The word protein comes from the Greek ‘proteios’ meaning ‘primary’ or ‘first rank’ because proteins are an indispensable nutrient in the human diet. They are a vital component of every cell in the body and have many different roles. Proteins are needed for hormones, neurotransmitters, digestive enzymes, immune function, fluid balance, bone formation, muscle growth, transport of oxygen and minerals, and repair of damaged tissues. During times of growth (eg childhood, adolescence and pregnancy) new cells are forming and our protein requirements increase.
There are more than 10 000 different proteins in the human body. Proteins are made of smaller nitrogen-containing compounds called amino acids. Hence amino acids are referred to as the building blocks of proteins. We require 20 different amino acids to make all the proteins we need. Each protein consists of a subset of these 20 amino acids linked together in a specific sequence. After digestion, dietary proteins are broken down into their constituent amino acids and our body makes its required proteins by recombining the necessary amino acids.
Of the 20 amino acids, 9 of them are referred to as ‘essential’ because we need to eat them on a daily basis or we’ll get sick and die. The other 11 amino acids are called ‘non-essential’ because even though we need them to survive, we can make them without having to eat them.
Dietary proteins are classified into two types. ‘Complete proteins’ contain all 9 essential amino acids. ‘Incomplete proteins’ contain some but not all of the 9 essential amino acids. Animal products such as meat, poultry, fish, eggs and dairy all contain complete proteins. Vegetable proteins such as beans, legumes and nuts are all incomplete proteins and therefore you need to eat more than one type of plant protein every day to obtain your full set of 9 essential amino acids. The exception is soybeans. They are the only plant that is a complete protein. Therefore tofu, tempeh and other soy products are good sources of protein for vegans.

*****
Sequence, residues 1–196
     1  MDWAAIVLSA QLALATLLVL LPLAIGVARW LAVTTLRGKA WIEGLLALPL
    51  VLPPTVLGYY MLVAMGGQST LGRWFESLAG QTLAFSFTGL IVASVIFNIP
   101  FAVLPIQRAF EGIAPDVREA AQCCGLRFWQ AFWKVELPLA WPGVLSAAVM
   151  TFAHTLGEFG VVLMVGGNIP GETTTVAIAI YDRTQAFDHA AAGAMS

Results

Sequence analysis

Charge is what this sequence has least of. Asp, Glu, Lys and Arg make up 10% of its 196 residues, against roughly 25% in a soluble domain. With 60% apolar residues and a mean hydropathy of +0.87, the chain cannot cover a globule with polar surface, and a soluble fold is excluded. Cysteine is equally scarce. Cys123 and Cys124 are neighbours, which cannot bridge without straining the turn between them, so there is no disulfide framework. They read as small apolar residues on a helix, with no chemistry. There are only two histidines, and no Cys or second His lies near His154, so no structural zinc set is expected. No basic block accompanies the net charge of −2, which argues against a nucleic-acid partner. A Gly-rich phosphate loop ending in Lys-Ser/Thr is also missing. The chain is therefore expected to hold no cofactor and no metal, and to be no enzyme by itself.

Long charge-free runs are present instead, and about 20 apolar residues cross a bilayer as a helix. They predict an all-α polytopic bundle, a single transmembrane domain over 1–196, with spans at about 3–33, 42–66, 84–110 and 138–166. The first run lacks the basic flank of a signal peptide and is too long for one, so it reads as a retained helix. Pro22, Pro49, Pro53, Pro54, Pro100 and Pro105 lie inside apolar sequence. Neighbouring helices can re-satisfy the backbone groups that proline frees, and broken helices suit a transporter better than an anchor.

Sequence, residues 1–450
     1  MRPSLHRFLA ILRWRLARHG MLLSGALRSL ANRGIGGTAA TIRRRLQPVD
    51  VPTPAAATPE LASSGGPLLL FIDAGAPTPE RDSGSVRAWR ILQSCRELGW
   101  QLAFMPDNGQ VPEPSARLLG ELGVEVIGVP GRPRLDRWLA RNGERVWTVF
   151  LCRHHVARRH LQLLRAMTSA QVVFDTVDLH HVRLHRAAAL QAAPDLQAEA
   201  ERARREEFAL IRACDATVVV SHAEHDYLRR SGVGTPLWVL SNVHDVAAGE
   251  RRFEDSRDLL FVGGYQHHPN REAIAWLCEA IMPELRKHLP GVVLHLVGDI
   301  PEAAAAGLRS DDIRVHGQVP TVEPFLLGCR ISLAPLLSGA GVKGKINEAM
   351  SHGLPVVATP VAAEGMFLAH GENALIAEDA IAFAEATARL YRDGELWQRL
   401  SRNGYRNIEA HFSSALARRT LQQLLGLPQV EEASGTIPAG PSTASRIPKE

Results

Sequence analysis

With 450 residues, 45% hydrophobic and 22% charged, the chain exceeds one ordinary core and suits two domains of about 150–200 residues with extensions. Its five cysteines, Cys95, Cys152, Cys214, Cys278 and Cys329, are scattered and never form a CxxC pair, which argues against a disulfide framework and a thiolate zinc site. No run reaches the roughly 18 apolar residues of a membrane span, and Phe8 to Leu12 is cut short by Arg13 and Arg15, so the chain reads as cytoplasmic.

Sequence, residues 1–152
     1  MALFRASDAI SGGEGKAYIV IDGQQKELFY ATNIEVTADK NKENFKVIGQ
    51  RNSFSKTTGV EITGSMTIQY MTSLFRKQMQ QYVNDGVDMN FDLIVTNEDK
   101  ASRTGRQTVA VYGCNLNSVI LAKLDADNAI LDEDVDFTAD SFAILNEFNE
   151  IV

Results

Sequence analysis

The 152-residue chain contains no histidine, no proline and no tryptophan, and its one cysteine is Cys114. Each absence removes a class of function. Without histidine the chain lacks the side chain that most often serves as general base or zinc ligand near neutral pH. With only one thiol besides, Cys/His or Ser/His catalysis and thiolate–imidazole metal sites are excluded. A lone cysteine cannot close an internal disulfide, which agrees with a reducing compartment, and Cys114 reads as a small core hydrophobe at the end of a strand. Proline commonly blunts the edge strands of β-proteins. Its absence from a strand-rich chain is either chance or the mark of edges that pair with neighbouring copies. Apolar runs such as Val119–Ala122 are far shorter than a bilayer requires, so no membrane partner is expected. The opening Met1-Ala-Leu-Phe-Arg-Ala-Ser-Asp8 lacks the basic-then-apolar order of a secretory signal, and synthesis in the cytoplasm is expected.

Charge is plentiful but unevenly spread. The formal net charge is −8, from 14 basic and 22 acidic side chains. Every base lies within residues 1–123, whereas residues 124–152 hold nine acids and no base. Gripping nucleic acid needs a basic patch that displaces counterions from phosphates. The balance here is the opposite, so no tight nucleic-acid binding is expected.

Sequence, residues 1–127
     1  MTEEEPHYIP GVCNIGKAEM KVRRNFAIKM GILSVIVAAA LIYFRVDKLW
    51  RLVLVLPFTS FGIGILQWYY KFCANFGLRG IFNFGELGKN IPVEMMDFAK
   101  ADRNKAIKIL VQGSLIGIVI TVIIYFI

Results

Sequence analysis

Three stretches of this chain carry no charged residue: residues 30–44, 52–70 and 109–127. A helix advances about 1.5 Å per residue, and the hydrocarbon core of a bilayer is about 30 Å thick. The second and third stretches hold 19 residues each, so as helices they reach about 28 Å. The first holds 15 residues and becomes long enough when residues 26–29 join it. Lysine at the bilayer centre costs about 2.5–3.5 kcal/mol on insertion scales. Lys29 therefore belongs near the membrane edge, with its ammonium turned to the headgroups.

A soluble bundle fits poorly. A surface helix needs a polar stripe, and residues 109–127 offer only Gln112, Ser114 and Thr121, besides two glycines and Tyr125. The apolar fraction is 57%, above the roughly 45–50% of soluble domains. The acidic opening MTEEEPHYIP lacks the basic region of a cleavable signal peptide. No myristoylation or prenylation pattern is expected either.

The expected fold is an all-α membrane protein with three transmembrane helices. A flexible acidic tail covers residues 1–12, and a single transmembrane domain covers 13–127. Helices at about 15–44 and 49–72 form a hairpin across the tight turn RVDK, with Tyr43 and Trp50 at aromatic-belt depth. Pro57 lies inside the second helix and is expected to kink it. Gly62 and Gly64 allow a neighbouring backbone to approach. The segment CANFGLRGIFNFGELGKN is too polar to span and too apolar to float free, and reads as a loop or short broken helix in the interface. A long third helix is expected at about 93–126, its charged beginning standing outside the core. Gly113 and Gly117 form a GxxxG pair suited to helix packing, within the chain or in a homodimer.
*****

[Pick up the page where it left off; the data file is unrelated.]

The traditional diets of various cultures show which combinations of vegetables complement each other to give us the 9 essential amino acids: Beans and corn in Mexico, couscous and chickpeas in North Africa, and cracked wheat and parsley in tabbouli are examples of food combinations where the missing amino acid in one food is supplied by the other food. Even the manic pace of life today allows for easy protein combining: beans on toast or a peanut butter sandwich (wholegrain of course) will do the trick.
If you’re vegan, there’s no need to get worked up about whether you’re consuming all 9 essential amino acids every day. You don’t need to eat all 9 in the one meal, you simply need to get them within a 24 hour period. As long as you’re eating a variety of plant proteins, you’ll get there.
For a list of protein-rich foods from a variety of sources, click here.
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